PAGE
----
Volunteers distributed pet food along with grocery gift cards and gifts. photo by Jim Cornelius
Volunteers distributed pet food along with grocery gift cards and gifts. photo by Jim Cornelius

The Christmas season is the season of giving. For two decades, the Sisters Kiwanis Club, Sisters firefighters and others have rallied to give to those in need in the

community through the Holiday Food Share program and the associated fire district toy drive. The program provides qualified families with Christmas meals, gifts for children and food for pets.

The program made its distributions on Friday at the community hall at Sisters Fire Hall.

Some 192 families were served in Sisters Country. The Furry Friends Pet Food Drive served 358 animals (126 cats, 218 dogs, three birds, 10 chickens and one horse) through community donations of pet food and cash to the Furry Friends Foundation. Some five tons of pet food were distributed.

The Christmas meals were handled differently this year. Instead of providing the actual meal as has been done for many years, families received gift cards redeemable at Melvin's Fir Street Market or Ray's Food Place. The change significantly reduced the logistical burden on the handful of Kiwanis volunteers who manage the project in the months leading up to the food distribution day, according to Kiwanian David Hiller.

Hiller said that reaction to the change has been mostly positive, with recipients appreciating the flexibility.

"People have said, 'Now we can buy what we want,'" Hiller said.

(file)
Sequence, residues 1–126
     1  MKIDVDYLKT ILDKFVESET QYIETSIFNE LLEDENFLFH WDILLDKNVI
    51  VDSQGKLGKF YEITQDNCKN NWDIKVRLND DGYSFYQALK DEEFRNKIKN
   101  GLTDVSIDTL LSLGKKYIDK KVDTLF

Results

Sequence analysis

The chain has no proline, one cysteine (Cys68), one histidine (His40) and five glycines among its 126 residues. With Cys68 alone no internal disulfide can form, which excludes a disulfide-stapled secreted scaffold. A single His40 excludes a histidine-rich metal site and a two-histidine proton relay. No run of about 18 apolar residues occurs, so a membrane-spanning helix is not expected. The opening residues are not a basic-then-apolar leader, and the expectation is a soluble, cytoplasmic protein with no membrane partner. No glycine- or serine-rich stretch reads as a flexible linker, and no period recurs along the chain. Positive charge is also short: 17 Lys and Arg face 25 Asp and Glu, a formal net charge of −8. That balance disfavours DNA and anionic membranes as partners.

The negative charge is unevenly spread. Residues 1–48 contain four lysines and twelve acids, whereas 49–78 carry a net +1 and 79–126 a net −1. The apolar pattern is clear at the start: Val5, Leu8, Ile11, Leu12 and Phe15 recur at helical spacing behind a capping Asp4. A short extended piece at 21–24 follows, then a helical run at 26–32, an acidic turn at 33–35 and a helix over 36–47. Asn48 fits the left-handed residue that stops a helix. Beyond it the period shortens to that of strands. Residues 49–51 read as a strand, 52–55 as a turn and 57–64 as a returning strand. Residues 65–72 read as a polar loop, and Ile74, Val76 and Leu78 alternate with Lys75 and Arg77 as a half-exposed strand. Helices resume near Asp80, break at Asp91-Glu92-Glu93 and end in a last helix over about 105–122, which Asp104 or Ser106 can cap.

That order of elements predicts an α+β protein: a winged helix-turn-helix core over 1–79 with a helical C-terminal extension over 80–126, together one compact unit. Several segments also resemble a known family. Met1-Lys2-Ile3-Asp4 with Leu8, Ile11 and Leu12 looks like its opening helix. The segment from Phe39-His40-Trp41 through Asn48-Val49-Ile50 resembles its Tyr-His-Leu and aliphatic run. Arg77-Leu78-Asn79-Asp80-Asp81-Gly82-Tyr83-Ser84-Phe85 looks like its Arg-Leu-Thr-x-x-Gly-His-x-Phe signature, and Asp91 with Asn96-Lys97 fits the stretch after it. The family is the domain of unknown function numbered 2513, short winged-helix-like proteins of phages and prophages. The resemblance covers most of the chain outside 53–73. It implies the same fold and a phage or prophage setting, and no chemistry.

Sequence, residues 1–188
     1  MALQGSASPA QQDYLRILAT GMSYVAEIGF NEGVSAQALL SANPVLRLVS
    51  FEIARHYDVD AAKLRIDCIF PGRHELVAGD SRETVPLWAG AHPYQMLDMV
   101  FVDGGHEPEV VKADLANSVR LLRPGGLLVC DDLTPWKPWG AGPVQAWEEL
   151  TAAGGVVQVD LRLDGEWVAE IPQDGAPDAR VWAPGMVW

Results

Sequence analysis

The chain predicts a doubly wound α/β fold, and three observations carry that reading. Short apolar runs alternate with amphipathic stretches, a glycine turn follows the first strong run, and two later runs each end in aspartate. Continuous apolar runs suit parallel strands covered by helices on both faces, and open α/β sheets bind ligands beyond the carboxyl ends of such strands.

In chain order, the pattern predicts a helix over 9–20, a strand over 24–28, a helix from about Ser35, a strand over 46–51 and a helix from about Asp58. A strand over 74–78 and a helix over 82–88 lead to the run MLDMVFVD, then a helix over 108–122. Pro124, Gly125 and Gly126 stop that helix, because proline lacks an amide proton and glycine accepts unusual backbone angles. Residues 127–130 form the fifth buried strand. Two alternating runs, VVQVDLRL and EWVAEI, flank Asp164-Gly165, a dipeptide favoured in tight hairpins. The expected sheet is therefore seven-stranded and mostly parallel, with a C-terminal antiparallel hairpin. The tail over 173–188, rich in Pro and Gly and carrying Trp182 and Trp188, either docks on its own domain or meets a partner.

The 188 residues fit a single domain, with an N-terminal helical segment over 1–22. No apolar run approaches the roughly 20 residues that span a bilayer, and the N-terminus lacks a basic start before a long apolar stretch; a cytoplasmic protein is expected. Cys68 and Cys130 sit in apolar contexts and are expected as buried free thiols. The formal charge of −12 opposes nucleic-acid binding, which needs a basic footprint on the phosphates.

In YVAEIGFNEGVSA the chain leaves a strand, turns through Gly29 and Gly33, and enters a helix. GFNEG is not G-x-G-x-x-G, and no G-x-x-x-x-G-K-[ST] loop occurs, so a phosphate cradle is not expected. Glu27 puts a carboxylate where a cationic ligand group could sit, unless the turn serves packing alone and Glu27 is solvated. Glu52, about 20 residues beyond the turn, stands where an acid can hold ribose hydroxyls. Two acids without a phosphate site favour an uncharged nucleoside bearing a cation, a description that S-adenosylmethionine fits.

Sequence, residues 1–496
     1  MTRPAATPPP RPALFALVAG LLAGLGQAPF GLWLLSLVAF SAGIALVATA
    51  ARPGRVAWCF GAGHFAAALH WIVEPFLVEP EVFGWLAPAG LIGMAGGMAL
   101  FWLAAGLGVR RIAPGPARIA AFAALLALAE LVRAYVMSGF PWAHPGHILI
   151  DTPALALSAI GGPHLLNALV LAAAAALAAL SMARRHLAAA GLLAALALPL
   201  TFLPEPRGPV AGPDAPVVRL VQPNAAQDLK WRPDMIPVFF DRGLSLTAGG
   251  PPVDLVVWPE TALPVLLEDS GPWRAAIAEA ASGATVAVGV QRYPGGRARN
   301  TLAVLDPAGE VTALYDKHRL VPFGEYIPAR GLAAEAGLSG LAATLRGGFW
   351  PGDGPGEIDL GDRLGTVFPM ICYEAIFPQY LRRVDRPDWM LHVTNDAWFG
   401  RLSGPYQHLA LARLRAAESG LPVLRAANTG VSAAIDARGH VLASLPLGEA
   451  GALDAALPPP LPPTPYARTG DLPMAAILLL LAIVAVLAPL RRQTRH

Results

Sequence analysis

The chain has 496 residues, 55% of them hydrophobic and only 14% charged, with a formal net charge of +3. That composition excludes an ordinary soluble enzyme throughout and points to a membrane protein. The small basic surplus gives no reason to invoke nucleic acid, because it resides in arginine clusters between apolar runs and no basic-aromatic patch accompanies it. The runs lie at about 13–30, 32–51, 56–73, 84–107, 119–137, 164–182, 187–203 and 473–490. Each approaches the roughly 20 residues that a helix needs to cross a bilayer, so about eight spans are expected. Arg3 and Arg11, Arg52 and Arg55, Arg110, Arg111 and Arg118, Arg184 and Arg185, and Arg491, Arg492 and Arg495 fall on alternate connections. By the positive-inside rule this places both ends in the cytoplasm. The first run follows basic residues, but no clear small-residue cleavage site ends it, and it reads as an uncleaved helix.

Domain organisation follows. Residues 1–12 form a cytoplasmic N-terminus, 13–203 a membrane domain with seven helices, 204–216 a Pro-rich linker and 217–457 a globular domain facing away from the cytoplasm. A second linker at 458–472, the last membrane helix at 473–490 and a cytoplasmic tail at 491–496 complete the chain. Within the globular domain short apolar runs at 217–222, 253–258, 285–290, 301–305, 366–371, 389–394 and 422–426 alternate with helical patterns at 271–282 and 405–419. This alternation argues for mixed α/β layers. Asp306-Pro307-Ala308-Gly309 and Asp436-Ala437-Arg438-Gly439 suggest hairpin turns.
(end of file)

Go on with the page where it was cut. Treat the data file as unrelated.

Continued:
Kiwanis received the same level of discount it has always received from Melvin's and Ray's, Hiller said. While recipients are "paying" retail prices, Hiller said, the gift cards carry a higher dollar value than did the provided meals.

"We're actually giving more money to the people than we did before," Hiller said.

The meals were valued at $47 per family; the cards carried an average value of $37.50 per person.

Cards were divvied up in increments: A card for one or two was $75; three to four was $100; five to six was $125 and seven to eight was $150.

The Sisters community provided donations to the Kiwanis program, and also to the toy drive operated by Sisters firefighters. Community members selected ornaments off "giving trees" at Ray's and Bi-Mart and purchased gifts for folks who qualified through the food share program.

Hiller noted that the changes in the program this year allowed the distribution to be staged at the fire hall, which meant that firefighters did not have to haul the donated gifts across town to Sisters Elementary School for distribution.

The changes made distribution day a little more low-key affair, but the generosity of the community was no less appreciated for all that.